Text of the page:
One of the most important producers in modern dance music, Theo Parrish is the living embodiment of Detroit. Deeper, more soulful and more innovative than nearly anyone else you’ll find, Parrish makes music that rejects immediacy in favour of a more captivating journey. Built from layers of samples, hardware beats and considered instrumentation, his style sees elements drop in and out to create anarchic structures, somehow immersing the listener as his subtle explorations push the boundaries of dance music. Drawing from jazz, disco, funk and soul among less conventional pools of samples, Parrish is as close to genius as producers get, and sits proudly among a revered group of Detroit DJs and producers that includes Moodymann, Marcellus Pittman, Rick Wilhite and Mike Huckaby.
When an entire collection is this essential, it’s hard to pick just five entry points, but here’s our best effort.
Leaning on the Blade Runner soundtrack for his source material, Parrish transformed Vangelis’ "Memories of Green" into one of the most emotive and delicate deep house tracks of the Sound Signature collection, with luscious strings and thoughtful pianos rolling in and out of this twelve minute masterpiece. Cinematic in the atmosphere that is created, this one is as essential as house music gets.
Never losing touch with the culture that birthed Detroit’s rich musical heritage, Parrish pays tribute to his own with this stirring deep house journey. Featuring a prominent sample taken from a 1970s educational record “initiated as an effort to acquaint Western Electric's personnel people with the dialect of the black American", “Ebonics” is a mesmeric trip through emotive territory. Strangely haunting in its refrain, the track demonstrates the infinite importance that should be attached to black identity, something that Parrish asserts in much of his music.
The opener to the exquisite LP Parallel Dimensions, this percussion driven chugger just eases its way into the elegant instrumentation and chopped up samples that so often mark out a great Theo Parrish work. Cycling hypnotically for what could be a blissful eternity, “Serengeti Echoes” takes human voices and removes all comprehensibility, transforming them into rhythmic tools that simply carry humanity along with them.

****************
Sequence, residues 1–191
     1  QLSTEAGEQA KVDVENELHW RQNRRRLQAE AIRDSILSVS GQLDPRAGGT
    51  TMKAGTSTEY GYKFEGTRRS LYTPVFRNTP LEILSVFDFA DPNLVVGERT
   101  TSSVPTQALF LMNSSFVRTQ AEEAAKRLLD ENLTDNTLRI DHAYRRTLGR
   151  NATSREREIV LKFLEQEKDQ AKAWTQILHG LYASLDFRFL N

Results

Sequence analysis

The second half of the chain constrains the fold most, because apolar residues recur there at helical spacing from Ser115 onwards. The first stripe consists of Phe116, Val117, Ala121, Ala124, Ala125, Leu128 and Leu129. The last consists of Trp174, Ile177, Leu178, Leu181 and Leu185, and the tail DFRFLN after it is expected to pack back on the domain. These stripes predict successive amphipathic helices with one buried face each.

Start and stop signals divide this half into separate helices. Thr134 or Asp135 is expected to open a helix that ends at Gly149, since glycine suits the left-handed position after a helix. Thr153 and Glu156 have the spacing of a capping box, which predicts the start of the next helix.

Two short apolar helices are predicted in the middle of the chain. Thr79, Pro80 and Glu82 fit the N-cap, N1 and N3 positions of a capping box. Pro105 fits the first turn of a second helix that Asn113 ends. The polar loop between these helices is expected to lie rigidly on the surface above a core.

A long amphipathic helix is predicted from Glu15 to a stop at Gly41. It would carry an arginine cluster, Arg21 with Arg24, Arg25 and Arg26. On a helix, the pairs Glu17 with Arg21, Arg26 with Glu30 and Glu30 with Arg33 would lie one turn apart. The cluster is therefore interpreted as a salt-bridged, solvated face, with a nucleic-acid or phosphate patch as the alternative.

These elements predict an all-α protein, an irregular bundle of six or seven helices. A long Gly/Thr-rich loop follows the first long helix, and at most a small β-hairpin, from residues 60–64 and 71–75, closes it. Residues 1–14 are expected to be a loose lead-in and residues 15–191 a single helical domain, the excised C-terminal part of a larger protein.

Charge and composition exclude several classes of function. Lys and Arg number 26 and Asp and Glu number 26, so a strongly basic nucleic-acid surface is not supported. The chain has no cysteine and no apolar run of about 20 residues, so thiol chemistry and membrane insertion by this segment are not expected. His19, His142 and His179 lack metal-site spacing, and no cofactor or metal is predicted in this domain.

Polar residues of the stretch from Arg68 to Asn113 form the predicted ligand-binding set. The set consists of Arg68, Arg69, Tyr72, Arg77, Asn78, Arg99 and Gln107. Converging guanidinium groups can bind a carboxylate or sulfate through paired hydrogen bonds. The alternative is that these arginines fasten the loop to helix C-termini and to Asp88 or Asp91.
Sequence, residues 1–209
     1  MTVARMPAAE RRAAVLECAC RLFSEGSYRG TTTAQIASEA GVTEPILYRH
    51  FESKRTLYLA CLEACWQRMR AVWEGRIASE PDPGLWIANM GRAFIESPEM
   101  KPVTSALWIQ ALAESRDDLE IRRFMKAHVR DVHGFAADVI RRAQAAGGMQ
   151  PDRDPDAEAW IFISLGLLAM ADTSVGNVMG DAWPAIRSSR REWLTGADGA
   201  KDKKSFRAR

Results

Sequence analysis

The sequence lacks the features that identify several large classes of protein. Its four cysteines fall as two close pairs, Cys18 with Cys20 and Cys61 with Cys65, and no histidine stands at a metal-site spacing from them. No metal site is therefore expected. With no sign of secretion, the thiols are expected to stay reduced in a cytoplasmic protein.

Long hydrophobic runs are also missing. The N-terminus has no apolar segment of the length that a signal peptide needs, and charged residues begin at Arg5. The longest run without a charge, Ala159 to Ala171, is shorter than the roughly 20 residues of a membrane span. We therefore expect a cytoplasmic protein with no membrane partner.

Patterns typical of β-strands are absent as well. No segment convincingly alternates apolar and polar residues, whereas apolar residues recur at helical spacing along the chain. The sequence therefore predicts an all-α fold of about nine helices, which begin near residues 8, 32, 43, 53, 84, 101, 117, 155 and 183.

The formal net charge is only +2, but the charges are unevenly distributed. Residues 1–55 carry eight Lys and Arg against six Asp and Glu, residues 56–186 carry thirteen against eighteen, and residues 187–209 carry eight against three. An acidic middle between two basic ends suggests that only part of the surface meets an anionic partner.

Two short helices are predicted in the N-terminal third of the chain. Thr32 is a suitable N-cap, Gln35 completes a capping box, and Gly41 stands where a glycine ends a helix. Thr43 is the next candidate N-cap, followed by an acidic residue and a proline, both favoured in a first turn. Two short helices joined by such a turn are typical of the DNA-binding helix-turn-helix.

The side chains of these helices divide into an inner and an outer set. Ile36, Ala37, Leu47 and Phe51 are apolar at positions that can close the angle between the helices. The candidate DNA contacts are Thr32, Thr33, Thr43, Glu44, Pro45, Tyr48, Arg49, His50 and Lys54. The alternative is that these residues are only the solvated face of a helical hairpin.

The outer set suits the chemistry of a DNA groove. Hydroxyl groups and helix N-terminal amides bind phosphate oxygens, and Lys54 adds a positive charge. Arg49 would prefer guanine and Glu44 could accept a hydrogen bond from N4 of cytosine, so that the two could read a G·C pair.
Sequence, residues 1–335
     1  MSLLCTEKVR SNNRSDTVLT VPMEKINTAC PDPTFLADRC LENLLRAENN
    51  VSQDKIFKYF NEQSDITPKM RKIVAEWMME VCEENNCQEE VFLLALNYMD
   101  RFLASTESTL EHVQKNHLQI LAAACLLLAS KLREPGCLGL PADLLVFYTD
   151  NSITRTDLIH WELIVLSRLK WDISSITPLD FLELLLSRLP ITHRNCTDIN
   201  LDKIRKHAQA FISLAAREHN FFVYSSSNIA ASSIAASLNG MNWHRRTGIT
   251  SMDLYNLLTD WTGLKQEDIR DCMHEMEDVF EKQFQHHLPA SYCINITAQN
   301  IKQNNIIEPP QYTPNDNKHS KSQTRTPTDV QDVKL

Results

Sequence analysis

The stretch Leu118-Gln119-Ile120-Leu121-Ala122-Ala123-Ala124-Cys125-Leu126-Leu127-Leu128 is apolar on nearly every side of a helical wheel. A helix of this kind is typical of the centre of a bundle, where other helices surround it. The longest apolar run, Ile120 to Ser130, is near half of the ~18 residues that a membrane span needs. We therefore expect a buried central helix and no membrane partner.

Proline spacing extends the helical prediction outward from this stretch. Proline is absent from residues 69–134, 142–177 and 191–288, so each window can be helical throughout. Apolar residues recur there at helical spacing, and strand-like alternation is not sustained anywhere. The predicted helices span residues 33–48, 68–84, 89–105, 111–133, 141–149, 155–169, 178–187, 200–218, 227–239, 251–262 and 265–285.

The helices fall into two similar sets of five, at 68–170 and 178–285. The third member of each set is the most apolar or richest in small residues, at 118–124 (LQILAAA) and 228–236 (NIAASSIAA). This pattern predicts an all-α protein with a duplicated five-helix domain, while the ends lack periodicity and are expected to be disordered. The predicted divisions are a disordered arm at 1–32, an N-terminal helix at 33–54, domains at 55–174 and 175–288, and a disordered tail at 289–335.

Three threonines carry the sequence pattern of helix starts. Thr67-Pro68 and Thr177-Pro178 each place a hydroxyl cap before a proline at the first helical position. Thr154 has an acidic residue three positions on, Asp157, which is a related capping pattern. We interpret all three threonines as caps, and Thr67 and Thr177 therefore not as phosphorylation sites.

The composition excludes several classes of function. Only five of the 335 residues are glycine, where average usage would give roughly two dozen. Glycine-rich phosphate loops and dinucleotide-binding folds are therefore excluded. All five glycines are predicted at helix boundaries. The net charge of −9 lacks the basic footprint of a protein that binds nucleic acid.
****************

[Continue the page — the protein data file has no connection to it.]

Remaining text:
Some Theo Parrish tracks have an almost J-Dilla feel to them, and “The Rink” is one. Splendid in its use of space, the track enjoys plenty of silent breaks as it presents Marvin Gaye soundbites in the form of a nu-disco jam. Triumphant summer anthem material, it shows a fun side to the Detroit producer to balance out some of his incredibly deep, experimental and darker tunes.
Jazz is arguably the root of all modern dance music, and the jarring pianos of “Secondary Darkness” present those roots in a completely new light. At times discordant, Parrish’s work is intentionally uncomfortable at times, catching the attention with its distinct breaks from convention, and “Secondary Darkness” is an extraordinary example. Delicate melodies revolve in short loops like a fairground ride as minimal percussion marches through the middle, with erratic flourishes adding an unpredictability that Parrish has made into his signature style.
Theo Parrish can be seen in London on Saturday 12th August, with Sunfall Festival inviting him to Brockwell Park alongside an impressive lineup including Ben UFO, Helena Hauff, Larry Heard and fellow Essential Listening subject Roy Ayers. He will then be heading to Croatia at the end of the month for Dimensions Festival at Fort Punta Christo.
Photo courtesy of Theo Parrish
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